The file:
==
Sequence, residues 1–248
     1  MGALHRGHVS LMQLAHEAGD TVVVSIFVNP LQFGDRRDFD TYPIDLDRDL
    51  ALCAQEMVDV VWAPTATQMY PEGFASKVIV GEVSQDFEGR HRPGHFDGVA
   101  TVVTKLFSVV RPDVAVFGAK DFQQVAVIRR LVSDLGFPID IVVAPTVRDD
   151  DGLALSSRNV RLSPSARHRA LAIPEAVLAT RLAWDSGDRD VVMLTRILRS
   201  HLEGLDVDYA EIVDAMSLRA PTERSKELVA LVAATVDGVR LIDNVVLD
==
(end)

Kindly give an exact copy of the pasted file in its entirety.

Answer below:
Sequence, residues 1–248
     1  MGALHRGHVS LMQLAHEAGD TVVVSIFVNP LQFGDRRDFD TYPIDLDRDL
    51  ALCAQEMVDV VWAPTATQMY PEGFASKVIV GEVSQDFEGR HRPGHFDGVA
   101  TVVTKLFSVV RPDVAVFGAK DFQQVAVIRR LVSDLGFPID IVVAPTVRDD
   151  DGLALSSRNV RLSPSARHRA LAIPEAVLAT RLAWDSGDRD VVMLTRILRS
   201  HLEGLDVDYA EIVDAMSLRA PTERSKELVA LVAATVDGVR LIDNVVLD